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I'm really not optimistic on getting people to stop watching TV or movies. Maybe there's some way of producing and financing them that's smarter but I wouldn't bet on changing behavior that drastically. People have been consuming stories about other people forever, and they're going to keep doing that.

But you don't really have to stop watching TV or movies. You just have to move the production of such content away from the big media corps.

It reminds me of one of freddiew's Behind the Scenes video, in which him and Jon Favreau were talking how it's so nice when someone provides the toys/funds, but at the end of the day it's the actual artists who call the shot. Why not apply the same kind of contracts movie studios make with directors and actors (base amount, and maybe some % of revenue), in reverse, so the artistic driving force between the project negotiates the same amount of deals with the financier. It would be like a VC deal, where some people/companies would have preferential treatment at getting the money back and all that.


> "I'm really not optimistic on getting people to stop watching TV or movies."

Why do we need to?

I hear this sentiment from gamers sometimes, where passive (story told to you) entertainment is almost used in a derogatory way, as if the fact that the audience is not actively participating makes it worse. It seems to me a kneejerk reaction to years of everyone treating gaming as an illegitimate artform.

Why do we need to change this behavior? What is wrong with consuming stories about other people?


I didn't say we needed to. I like TV and movies. I just don't like Hollywood's political agenda.


It sounds like you're pushing for for the webseries model.

There's some great work going on there - the big difficulty isn't the producing or financing, though. I'm part of the Seattle webseries community, and the big difficulty I keep seeing is - how do you get your series in front of people?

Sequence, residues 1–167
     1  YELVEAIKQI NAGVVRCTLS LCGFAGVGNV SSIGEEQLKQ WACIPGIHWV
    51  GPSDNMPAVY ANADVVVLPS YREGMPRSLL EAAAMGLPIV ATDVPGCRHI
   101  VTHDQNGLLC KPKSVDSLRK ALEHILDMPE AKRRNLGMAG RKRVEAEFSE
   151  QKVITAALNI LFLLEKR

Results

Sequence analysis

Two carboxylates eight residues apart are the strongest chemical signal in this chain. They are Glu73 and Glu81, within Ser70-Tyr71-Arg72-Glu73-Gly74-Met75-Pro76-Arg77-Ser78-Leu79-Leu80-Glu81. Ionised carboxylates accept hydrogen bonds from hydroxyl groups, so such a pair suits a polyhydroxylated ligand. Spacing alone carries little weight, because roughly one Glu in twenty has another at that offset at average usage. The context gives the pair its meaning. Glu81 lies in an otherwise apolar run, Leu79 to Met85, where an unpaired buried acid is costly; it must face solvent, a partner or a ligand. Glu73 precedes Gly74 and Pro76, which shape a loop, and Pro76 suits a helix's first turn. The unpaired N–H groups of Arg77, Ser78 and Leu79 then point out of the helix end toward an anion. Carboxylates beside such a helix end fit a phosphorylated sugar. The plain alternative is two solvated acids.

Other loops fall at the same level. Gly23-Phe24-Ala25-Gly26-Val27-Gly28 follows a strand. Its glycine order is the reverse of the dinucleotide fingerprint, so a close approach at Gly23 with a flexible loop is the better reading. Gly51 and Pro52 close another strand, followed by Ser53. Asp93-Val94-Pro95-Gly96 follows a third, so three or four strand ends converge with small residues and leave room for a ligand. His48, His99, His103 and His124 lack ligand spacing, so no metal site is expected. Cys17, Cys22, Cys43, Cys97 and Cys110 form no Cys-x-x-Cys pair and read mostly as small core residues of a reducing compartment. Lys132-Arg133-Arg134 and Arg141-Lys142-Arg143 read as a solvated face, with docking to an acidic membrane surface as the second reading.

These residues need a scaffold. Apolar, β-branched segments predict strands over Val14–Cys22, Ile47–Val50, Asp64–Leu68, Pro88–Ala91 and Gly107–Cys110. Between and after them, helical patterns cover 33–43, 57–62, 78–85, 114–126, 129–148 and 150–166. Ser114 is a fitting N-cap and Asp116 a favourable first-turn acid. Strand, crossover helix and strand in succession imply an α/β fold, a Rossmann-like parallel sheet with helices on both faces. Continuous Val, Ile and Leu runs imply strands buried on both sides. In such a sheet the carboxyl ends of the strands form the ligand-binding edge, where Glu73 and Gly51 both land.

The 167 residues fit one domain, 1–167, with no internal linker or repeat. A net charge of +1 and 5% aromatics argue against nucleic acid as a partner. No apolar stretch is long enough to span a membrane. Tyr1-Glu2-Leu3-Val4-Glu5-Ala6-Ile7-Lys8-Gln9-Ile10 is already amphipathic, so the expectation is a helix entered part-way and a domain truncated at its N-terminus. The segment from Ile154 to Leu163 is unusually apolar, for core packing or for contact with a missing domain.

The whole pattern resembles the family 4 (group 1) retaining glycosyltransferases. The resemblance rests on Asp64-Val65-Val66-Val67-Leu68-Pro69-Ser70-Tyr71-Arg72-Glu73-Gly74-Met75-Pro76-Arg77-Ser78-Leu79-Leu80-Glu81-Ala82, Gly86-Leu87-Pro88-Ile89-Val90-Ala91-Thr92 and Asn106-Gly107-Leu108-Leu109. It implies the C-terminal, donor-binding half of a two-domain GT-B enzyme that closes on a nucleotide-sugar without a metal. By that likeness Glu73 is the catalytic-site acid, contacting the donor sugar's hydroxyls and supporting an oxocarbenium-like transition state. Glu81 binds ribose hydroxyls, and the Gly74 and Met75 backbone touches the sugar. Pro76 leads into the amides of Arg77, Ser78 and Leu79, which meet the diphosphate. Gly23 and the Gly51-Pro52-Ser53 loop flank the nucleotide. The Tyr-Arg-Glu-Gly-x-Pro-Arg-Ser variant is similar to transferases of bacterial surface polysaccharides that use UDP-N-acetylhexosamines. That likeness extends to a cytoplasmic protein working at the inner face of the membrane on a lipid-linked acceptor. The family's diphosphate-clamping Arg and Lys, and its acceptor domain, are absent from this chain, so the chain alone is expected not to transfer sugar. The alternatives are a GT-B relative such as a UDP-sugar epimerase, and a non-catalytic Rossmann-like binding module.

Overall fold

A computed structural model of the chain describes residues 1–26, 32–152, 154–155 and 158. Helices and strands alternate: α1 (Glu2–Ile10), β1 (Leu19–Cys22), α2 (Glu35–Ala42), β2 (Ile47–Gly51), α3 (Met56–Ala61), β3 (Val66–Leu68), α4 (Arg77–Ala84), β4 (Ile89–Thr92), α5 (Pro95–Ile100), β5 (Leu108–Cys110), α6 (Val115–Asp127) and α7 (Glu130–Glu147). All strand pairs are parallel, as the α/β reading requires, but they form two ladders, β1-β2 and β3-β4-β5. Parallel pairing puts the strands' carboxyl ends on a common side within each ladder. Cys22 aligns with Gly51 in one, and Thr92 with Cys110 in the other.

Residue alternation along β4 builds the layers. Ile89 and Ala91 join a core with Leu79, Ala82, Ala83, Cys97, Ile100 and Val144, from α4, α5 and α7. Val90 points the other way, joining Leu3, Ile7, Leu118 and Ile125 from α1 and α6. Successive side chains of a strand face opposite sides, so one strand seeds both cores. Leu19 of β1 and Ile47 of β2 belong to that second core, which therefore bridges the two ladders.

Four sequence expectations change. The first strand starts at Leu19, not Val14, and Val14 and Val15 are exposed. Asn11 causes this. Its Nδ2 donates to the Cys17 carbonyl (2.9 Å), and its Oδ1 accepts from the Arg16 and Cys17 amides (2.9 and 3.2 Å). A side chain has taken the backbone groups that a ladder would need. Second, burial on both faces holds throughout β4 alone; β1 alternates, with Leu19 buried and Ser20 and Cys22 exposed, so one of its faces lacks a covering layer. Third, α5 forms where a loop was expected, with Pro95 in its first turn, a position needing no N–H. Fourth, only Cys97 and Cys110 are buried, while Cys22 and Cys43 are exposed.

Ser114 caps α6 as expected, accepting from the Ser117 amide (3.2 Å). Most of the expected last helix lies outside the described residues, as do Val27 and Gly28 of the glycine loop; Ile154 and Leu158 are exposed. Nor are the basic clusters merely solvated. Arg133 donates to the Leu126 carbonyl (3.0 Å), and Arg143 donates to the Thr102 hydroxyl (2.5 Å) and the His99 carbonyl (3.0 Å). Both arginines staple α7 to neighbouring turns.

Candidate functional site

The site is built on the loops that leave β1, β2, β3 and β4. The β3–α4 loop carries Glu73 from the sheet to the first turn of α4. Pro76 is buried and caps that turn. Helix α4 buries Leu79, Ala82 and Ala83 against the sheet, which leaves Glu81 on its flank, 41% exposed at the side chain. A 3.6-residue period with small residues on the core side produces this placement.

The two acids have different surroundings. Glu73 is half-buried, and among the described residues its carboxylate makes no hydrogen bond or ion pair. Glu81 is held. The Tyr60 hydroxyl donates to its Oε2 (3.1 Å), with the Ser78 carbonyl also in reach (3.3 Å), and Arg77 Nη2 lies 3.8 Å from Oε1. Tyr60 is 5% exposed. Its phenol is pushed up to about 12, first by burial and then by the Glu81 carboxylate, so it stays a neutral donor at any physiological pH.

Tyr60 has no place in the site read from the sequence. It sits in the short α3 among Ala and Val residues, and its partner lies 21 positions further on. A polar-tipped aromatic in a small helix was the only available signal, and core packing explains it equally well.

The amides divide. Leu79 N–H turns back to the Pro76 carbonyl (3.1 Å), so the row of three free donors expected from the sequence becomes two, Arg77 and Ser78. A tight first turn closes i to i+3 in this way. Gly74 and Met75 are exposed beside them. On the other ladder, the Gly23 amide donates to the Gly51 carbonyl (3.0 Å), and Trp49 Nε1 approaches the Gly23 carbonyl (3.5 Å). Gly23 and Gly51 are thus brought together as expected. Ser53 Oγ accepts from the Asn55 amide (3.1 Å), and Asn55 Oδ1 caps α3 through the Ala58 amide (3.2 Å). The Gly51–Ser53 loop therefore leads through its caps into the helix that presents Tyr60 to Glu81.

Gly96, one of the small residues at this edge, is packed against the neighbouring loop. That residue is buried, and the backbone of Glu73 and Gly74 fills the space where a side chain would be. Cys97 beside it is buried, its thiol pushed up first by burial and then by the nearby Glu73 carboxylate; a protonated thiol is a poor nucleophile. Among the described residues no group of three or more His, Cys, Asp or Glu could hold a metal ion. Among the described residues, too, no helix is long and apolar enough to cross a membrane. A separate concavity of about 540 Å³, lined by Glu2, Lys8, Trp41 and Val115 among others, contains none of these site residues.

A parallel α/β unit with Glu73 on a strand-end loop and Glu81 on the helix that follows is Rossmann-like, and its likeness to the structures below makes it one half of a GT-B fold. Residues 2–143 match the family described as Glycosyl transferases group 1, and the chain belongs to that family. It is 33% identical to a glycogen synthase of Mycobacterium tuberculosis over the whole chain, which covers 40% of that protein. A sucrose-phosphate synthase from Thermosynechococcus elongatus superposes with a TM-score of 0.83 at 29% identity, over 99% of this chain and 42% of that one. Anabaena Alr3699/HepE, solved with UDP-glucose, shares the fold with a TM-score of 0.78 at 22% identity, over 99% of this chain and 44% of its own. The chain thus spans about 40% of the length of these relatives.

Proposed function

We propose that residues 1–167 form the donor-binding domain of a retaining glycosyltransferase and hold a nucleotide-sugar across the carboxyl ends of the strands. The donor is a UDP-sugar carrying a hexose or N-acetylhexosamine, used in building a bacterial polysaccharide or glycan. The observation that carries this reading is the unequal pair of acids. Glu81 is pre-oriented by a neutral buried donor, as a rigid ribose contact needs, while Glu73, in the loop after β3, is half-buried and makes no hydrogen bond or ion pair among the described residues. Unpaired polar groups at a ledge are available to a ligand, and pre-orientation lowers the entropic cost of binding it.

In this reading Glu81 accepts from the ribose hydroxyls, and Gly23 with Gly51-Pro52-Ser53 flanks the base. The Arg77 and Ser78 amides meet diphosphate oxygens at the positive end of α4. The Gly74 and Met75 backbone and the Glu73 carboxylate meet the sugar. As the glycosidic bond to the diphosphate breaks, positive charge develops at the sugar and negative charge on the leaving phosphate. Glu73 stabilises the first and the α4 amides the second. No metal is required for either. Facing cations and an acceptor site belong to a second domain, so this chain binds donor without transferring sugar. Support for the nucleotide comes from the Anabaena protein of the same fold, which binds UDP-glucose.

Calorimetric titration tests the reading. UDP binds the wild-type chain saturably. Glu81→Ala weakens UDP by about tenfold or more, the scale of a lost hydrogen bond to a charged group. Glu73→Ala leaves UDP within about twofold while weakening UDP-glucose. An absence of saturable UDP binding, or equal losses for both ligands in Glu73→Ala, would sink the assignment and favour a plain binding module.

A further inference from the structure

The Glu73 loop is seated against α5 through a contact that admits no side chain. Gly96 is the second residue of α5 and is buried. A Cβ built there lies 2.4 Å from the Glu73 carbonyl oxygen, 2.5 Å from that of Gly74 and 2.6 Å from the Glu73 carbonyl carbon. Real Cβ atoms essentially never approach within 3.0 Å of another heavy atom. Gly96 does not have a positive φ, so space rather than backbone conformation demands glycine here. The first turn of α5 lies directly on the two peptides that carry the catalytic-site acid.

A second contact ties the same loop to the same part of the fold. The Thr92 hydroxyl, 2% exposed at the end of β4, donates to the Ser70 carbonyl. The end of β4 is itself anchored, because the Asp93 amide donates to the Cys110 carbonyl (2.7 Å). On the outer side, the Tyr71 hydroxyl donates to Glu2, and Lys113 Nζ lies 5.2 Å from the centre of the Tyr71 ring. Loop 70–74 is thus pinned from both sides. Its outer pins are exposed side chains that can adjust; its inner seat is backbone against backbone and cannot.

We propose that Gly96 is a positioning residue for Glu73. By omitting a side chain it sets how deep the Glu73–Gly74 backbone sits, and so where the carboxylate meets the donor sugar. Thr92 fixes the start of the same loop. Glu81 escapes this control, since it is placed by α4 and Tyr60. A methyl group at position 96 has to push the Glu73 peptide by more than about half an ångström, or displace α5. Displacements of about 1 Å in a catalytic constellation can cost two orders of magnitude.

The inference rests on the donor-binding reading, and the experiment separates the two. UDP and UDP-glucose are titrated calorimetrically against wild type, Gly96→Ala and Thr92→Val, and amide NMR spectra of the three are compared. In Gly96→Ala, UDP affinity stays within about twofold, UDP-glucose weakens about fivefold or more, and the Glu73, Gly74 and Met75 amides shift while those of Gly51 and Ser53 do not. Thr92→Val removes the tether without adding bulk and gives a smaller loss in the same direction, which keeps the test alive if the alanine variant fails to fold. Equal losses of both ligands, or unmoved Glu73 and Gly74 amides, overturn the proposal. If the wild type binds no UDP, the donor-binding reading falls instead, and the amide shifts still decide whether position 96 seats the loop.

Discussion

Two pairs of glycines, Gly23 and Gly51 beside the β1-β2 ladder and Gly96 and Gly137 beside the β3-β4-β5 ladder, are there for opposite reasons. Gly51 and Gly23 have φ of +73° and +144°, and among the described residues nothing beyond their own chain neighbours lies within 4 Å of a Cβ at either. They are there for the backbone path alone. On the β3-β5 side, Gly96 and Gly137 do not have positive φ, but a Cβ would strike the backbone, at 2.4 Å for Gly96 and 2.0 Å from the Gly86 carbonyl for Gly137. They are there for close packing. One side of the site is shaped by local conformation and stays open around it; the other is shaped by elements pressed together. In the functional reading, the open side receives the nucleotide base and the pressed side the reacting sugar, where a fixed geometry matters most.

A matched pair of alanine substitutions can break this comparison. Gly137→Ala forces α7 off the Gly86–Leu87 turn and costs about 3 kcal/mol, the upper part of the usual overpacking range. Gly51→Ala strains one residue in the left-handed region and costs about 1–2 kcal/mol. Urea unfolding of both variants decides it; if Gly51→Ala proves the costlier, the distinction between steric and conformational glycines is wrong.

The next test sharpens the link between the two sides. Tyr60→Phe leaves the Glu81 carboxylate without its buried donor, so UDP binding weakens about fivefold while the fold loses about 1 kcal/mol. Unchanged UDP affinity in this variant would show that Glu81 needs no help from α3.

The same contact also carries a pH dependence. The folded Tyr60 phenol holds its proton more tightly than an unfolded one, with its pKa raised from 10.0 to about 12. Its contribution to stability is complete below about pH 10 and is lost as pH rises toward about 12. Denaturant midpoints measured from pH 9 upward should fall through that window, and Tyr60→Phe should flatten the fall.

So in a sense - I think marketing is the killer if you're going to compete head-to-head with Hollywood.


> how do you get your series in front of people?

A simple answer would be 'social proof'. Mashable provides a TopTen list of the most watched shows. That's a good start but the site is too distracting for Average Joe, in my opinion.

Also, web series are too short for true passive entertainment. I guess what your communities would need is a sort of Google Adsense, so you could plug-in advertising to be able to produce longer streams.

That would at least provide you with some money. When one show hits it big, that'll make news, and more people would start looking for shows like that. More eyeballs, more advertising, better chances of another hit, more news, and there you go.


I disagree - it is distribution. You have a device in your room that is a push channel for Hollywood to stream its (and only its) content to you. It's the cable box. Ditto for cinemas.

You don't need to out-market Hollywood (though achieving parity may be part of the equation). You need to create a more efficient production cycle, from artist to costumer.

I'm thinking lean start-up. How can we reduce cycle time between artist conception of an entertainment pitch and consumers evaluating it?


I can't say I agree. That said, I'm not quite sure what you mean by "a more efficient production cycle, from artist to consumer". And I'm not sure how "[reducing the] cycle time between artist conception of an entertainment pitch and consumers evaluating it" is related to distribution. Could you elaborate?


Presently, from an artist getting say a film concept to the first audience seeing it, is a gap of several years. A lot of this is necessary, e.g. time for plot refinement. Other stuff, like negotiating with unions for lighting or going through bureaucratic licensing and distribution hurdles, is not.

Lean Start-up says reducing this cycle time should make the system fitter.


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